SF: 2010

My thoughts on 2010 in Science Fiction are up today at Strange Horizons. So, too, are the reflections of the rest of that organ’s host of thoughtful reviewers. The three works I mention – Patrick Ness’s Monsters of Men, The Thousand Autumns of Jacob de Zoet by David Mitchell, and Deboarah Biancotti’s A Book of Endings – are all, naturally, well worth your attention. In selecting them, however, I rather consciously mentioned books I feared would otherwise pass without a word. Fortunately, SH’s other reviews manfully stepped into the breach to big up books which very much deserve the more universal praise they have for their part enjoyed.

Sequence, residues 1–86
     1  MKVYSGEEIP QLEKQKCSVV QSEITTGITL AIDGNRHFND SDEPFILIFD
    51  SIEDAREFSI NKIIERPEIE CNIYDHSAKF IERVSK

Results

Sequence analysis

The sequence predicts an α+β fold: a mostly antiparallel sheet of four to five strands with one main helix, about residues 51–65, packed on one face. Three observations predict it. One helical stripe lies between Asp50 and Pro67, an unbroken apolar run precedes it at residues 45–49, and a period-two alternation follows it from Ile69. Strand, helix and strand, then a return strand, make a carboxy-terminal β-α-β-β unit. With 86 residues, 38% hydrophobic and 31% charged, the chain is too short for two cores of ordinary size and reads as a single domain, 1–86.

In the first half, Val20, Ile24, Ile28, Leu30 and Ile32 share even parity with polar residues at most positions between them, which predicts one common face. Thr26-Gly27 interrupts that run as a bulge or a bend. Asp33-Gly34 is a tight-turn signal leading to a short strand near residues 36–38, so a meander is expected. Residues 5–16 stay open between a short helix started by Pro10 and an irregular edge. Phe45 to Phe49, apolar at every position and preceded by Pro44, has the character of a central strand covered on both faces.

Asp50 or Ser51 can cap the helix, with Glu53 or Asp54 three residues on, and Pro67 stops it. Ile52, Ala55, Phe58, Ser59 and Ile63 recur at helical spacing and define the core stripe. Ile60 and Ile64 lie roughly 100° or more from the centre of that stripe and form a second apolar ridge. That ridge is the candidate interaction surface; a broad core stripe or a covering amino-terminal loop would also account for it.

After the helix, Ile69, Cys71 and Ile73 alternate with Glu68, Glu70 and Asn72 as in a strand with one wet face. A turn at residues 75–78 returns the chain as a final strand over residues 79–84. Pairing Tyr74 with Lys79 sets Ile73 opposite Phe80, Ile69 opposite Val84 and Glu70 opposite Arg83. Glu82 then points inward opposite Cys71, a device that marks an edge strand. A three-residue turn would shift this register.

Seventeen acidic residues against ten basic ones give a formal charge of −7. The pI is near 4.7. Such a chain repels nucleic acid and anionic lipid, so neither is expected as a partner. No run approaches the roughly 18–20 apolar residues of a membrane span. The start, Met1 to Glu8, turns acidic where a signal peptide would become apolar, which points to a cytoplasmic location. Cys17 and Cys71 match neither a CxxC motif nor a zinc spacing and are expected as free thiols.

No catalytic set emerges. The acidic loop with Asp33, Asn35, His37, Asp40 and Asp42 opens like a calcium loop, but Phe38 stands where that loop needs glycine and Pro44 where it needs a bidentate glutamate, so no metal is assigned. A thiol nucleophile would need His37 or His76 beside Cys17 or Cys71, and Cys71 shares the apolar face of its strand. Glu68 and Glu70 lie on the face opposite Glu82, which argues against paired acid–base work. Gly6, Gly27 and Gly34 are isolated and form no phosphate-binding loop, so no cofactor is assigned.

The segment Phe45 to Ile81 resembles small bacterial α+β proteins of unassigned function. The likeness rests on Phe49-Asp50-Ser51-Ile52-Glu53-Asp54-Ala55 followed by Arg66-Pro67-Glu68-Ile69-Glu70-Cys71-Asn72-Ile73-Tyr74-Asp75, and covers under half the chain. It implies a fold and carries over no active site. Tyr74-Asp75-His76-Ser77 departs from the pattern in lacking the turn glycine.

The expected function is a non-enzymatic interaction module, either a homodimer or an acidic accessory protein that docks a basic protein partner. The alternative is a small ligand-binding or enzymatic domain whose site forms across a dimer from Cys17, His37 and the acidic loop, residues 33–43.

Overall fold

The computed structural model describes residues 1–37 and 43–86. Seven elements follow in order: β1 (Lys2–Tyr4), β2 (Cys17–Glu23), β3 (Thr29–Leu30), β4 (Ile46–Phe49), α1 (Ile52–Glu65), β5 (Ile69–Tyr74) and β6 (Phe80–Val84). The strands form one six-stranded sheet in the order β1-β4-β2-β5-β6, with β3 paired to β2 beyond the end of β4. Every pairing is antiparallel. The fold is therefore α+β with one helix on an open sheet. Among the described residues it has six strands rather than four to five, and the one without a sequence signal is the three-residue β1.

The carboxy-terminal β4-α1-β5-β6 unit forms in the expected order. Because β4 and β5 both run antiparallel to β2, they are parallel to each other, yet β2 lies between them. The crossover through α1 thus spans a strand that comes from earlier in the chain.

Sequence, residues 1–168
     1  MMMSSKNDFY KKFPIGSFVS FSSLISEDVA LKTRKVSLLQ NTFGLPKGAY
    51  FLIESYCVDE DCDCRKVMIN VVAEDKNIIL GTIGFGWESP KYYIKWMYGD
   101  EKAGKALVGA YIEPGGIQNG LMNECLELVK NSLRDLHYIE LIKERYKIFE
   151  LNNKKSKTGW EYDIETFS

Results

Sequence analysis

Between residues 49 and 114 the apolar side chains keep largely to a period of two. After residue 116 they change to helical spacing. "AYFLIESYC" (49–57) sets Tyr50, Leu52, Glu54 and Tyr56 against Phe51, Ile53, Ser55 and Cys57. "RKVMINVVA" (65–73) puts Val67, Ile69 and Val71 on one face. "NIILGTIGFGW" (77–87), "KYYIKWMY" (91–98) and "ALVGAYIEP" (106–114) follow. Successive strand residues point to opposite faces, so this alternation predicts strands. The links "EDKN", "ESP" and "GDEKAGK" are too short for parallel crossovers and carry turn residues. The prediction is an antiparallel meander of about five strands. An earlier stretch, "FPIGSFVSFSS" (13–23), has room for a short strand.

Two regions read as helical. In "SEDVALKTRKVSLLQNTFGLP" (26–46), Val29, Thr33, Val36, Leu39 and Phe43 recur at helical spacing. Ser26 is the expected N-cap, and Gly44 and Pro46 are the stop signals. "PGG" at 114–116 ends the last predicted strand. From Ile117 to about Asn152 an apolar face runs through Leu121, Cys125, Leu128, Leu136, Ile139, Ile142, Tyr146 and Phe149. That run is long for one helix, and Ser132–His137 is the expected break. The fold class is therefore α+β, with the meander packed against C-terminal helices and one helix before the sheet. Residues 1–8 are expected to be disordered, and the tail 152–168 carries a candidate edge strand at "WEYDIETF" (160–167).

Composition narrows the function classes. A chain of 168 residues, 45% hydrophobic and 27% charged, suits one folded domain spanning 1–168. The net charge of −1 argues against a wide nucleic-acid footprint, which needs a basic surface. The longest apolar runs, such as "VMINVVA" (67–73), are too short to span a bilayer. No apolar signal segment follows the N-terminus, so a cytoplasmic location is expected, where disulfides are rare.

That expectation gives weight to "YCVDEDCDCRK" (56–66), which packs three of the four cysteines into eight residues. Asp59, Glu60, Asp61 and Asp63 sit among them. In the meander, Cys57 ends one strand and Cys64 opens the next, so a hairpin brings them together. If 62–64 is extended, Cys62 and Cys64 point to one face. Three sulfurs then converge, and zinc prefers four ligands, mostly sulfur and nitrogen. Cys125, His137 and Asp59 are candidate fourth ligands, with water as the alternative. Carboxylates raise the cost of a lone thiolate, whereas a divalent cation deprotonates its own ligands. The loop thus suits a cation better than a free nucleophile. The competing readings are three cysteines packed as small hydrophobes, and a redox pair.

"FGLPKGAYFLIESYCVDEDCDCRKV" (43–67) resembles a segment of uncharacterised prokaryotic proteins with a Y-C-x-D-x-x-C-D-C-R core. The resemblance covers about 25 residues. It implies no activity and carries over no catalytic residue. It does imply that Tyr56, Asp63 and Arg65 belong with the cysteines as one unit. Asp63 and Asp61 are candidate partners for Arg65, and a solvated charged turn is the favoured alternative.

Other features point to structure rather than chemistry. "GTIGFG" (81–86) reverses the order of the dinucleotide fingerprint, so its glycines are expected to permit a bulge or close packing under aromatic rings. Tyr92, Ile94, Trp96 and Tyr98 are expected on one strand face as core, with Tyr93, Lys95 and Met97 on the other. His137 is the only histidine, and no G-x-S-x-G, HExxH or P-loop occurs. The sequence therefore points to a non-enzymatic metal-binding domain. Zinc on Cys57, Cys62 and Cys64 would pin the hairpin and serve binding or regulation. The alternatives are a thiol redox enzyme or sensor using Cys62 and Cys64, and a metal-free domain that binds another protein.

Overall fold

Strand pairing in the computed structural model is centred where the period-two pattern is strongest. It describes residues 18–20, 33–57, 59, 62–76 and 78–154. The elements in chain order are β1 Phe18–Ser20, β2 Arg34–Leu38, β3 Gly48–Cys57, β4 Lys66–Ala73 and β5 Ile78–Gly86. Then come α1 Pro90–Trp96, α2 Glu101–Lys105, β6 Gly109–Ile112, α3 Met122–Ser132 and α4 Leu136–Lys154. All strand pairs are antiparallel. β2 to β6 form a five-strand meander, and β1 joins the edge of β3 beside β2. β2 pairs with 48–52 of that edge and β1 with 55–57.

Readers of this blog will remember how taken I was with The Dervish House, which gets plenty of plaudits in today’s piece: Nic Clarke sagely remarks that the book is “a giddy microcosmic mosaic of life in a near-future Istanbul, and a welcome return to form after the slightly uneven Brasyl.” Likewise, Jonathan McCalmont isn’t far off the mark when he says this of Adam Roberts’s latest: “New Model Army saw Roberts on really top form with some lovingly nuanced characterization, some brilliant descriptive passages (including a flight over Europe and some of the best battle scenes I have ever read) and more ideas than you can shake a Stick 2.0 at.” Nor can I disagree with Farah Mendlesohn that Francis Spufford’s Red Plenty is both “fascinating and moving.”

All of which is by way of saying: 2010 wasn’t so bad a year for the genre, all told. Take a look at it.

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